Friday, August 17, 2012

The Lover's Dictionary by David Levithan.

I bought The Lover's Dictionary not long after reading Maggie's thoughts about it and I finally found the time to read it this week. I couldn't put it down and hurried through it in just a couple of hours, but I found myself flipping back to re-read and re-read passages. I also found myself holding the book against my chest, thinking of my own relationships, past and future. 

I turned the page corners down* on my favourite "definitions" and after a few, I realized I was favouriting the happy ones, that spoke of giddy, wanting-it-to-last love. I smiled and hoped that this said something about me. And then I turned the corners down on some that were sad, that spoke of annoyed, desperate, wondering-if-it-should-last love. I sighed and knew that this said something about me. 

The pages I turned down -- both happy and sad -- do say something, about all of us. They say that we are not alone in our feelings and our experiences. Although they feel unique to us (and they are in some ways), the ups and downs of love are universal. Levithan does a remarkable job of capturing that. 

Here are excerpts from a few of my turned-down pages:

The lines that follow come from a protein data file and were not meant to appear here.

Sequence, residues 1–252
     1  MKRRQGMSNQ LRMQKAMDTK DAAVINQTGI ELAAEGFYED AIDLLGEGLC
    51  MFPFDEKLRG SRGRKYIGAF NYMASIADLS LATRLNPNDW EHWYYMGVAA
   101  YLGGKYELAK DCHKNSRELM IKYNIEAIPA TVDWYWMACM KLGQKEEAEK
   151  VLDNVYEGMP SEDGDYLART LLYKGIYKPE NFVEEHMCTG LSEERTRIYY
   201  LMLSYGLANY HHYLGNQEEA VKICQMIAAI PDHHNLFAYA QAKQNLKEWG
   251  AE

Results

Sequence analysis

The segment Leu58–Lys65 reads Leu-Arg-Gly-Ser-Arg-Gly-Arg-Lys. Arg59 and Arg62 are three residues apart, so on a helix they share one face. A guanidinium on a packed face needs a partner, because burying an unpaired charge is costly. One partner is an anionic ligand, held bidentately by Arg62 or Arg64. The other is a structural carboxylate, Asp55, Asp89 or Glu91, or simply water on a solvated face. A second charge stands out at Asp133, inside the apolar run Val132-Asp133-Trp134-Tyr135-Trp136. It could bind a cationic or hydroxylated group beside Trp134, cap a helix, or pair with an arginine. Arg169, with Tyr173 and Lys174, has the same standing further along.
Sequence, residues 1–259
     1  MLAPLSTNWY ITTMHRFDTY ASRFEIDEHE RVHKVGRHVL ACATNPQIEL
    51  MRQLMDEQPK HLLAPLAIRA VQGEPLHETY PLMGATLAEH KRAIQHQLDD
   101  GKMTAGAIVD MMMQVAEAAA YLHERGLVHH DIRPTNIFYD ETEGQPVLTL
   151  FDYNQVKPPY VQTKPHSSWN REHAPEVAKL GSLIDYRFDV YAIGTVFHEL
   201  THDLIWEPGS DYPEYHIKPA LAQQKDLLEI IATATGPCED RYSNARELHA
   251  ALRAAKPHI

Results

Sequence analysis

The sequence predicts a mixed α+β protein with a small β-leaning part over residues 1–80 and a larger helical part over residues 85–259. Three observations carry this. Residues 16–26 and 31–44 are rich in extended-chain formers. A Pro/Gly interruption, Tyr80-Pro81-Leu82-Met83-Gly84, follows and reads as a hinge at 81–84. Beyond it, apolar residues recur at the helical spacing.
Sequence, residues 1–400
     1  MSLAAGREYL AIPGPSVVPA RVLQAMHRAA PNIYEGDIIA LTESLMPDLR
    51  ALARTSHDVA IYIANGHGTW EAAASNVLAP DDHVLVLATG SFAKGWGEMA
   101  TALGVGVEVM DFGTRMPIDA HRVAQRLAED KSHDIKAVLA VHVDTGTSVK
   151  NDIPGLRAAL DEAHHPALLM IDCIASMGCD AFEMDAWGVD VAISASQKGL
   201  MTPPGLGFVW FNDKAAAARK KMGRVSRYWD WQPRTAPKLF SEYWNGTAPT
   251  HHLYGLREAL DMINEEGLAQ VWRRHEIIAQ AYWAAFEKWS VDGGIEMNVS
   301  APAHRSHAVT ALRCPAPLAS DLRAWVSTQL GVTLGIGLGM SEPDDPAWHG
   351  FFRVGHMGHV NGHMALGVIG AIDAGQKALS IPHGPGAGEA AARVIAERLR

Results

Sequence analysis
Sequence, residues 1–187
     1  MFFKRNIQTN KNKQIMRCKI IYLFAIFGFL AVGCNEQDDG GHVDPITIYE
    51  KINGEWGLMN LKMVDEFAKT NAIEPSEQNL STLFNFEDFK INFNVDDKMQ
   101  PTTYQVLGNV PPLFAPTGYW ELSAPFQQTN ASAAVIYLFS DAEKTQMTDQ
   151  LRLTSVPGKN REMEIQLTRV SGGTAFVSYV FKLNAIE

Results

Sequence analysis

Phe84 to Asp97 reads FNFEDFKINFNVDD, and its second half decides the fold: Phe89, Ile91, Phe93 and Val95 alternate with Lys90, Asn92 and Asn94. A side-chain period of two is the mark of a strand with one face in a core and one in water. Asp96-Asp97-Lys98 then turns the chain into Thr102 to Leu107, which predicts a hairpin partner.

aloof, adj.
It has always been my habit, ever since junior high school, to ask that question: 
"What are you thinking?"
It is always an act of desperation, and I keep on asking, even though I know it will never work the way I want it to.

blemish, n.
The slight acne scars. The penny-sized, penny-shaped birthmark right above your knee. The dot below your shoulder that must have been from when you had chicken pox in third grade. The scratch on your neck -- did I do that?
This brief transcript of moments, written on the body, is so deeply satisfying to read.

buffoonery, n.
You were drunk, and I made the mistake of mentioning Showgirls in a near-empty subway car. The pole had no idea what it was about to endure.

covet, v.
They are so happy on such a base level that they don't seem to understand that it's possible to have anything other than a base level of happiness. I catch you desiring that. For your past? For your present? Your future? I have no idea. I never know what you really want, if I can give it to you, or if I'm already too late. 

exemplar, n
It's always something we have to negotiate -- the fact that my parents are happy, and yours have never been. I have something to live up to, and if I fail, I still have a family to welcome me home. You have a storyline to rewrite, and a lack of faith that it can ever be done.

ubiquitous, adj.
When it's going well, the fact of it is everywhere. It's there in the song that shuffles into your ears. It's there in the book you're reading. It's there on the shelves of the store as you reach for a towel and forget about the towel. It's there as you open the door. As you stare off on the subway, it's what you're looking at. You wear it on the inside of your hat. It lines your pockets. It's the temperature.
The hitch, of course, is that when it's going badly, it's in all the same places.

*I know. You're not supposed to turn page corners down. And I don't usually. Promise. But this was a special case where I was enthralled and had nothing to mark the pages with -- no sticky notes, no bookmark, not even a kleenex. 

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